In our view, these comments alerted the jury that it should consider mental impairment evidence in relation to the "after deliberation" component of the culpable mental state for first degree murder, and in so doing, the comments obviated any concern that the instructional error was of such a nature as to undermine our confidence in the reliability of the conviction. Cf. People v. Goldfuss, 98 P.3d 935, 939 (Colo. App. 2004)(omission of definitional instruction not plain error where parties made contested issue clear to jury).

For these reasons, we find no plain error arising from the intoxication and mental impairment instructions.

B. Insanity Caused by Voluntary Ingestion of Drugs

Defendant also asserts that the trial court should have instructed the jury that an abnormal mental condition attributable to the mere voluntary ingestion (as opposed to intoxication from the use) of alcohol or any other psychoactive substance could qualify as insanity under the first, or "incapable of distinguishing right from wrong," prong of the insanity test. We disagree.

The General Assembly is vested with the authority to define criminal conduct, establish the legal components of criminal liability, and delineate statutory defenses. See People v. McNeese, 892 P.2d 304, 310 (Colo. 1995); see also Hendershott v. People, 653 P.2d 385, 391 (Colo. 1982)("it is within the legislature's prerogative to formulate principles of justification or excuse, usually denominated affirmative defenses, and to limit these defenses to a particular category of crimes, so long as the basic rights of the criminally accused are not thereby impaired").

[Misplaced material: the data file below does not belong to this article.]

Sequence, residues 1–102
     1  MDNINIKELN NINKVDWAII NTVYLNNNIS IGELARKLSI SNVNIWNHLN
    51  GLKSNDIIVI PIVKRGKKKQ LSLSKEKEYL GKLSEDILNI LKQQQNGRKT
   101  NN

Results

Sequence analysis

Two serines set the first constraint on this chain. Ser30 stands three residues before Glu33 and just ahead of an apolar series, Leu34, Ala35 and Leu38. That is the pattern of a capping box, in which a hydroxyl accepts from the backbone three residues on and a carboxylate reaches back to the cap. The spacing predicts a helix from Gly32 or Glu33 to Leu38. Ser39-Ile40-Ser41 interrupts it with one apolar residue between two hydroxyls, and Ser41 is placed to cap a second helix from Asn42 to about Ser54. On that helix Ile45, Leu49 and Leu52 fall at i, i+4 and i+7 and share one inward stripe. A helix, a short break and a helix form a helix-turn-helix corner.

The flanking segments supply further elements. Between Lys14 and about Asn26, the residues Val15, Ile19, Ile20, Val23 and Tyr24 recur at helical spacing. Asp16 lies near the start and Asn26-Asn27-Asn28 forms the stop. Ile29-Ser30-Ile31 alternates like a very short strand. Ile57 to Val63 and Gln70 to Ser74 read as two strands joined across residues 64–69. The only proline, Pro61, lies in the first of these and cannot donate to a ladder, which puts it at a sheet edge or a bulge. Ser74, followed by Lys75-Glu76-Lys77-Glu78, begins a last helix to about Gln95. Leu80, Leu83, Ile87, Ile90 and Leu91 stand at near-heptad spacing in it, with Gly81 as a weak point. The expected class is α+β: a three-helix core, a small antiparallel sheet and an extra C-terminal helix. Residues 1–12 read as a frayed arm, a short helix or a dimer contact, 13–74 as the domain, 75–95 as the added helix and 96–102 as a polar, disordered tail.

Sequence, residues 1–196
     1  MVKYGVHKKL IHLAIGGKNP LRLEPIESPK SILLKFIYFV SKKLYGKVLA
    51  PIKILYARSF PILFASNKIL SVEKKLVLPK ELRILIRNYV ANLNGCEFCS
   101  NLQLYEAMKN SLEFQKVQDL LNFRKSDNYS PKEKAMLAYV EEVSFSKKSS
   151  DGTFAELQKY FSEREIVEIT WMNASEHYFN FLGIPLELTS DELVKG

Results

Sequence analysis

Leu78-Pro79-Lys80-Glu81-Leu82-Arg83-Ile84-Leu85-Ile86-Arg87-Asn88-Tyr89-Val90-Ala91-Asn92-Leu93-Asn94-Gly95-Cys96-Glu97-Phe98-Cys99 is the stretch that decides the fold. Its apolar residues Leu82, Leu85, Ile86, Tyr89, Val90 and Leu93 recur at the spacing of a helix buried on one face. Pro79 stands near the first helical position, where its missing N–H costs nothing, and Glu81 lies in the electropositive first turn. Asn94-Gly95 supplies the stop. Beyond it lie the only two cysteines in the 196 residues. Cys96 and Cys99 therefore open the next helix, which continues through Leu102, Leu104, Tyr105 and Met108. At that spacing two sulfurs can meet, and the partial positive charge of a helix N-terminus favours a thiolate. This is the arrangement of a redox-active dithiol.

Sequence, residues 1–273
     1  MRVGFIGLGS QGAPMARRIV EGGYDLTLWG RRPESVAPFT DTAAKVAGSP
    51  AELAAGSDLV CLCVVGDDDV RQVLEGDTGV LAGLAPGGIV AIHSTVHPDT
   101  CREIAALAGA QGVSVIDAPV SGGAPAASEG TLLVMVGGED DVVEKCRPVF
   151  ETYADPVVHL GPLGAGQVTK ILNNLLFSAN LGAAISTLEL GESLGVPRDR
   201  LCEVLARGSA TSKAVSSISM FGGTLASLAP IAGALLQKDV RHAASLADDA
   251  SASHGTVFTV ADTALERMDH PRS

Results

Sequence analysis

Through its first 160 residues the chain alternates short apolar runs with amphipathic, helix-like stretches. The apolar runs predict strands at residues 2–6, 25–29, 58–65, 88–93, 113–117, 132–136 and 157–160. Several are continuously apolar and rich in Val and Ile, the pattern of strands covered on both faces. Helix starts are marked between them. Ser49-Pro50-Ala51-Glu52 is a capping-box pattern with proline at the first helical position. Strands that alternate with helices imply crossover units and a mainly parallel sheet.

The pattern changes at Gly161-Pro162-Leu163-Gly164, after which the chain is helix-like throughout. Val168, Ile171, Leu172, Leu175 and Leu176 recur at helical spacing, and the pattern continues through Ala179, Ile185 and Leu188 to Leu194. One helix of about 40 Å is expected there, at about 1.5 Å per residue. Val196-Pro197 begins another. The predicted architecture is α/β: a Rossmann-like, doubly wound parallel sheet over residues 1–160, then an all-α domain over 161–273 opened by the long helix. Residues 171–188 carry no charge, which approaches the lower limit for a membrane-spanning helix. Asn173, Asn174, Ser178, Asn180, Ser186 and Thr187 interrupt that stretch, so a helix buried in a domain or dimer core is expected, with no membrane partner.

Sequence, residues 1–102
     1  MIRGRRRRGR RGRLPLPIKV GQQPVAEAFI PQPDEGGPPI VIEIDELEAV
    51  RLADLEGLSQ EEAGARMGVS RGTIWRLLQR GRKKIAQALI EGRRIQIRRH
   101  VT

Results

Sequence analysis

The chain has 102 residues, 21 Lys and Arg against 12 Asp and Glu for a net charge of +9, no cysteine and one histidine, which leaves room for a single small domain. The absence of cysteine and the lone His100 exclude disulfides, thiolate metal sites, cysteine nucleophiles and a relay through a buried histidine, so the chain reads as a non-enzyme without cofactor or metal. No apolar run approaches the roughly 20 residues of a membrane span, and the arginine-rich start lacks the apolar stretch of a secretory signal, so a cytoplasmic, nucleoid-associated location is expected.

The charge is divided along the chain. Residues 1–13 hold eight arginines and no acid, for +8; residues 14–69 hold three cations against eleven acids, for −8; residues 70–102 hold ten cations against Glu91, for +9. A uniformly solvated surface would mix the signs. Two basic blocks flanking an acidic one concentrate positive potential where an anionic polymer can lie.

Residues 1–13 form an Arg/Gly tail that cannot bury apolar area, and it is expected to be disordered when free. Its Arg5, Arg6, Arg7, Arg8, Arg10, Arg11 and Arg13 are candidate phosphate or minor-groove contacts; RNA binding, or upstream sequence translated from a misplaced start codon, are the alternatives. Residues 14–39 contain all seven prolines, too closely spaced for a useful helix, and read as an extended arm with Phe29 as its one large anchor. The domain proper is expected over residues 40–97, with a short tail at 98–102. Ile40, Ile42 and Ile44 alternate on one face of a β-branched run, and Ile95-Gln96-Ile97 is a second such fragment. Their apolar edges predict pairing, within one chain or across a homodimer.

Here, § 16-8-10 1.5 states, in pertinent part:

(1) The applicable test of insanity shall be:

(a) A person who is so diseased or defective in mind at the time of the commission of the act as to be incapable of distinguishing right from wrong with respect to that act is not accountable; except that care should be taken not to confuse such mental disease or defect with moral obliquity, mental depravity, or passion growing out of anger, revenge, hatred, or other motives and kindred evil conditions. . . .; or

(b) A person who suffered from a condition of mind caused by mental disease or defect that prevented the person from forming a culpable mental state that is an essential element of a crime charged . ...

(2) As used in subsection (1) of this section:

(b) ‘Mental disease or defect’ includes only those severely abnormal mental conditions that grossly and demonstrably impair a person’s perception or understanding of reality and that are not attributable to the voluntary ingestion of alcohol or any other psychoactive substance. . ..

(Emphasis added.)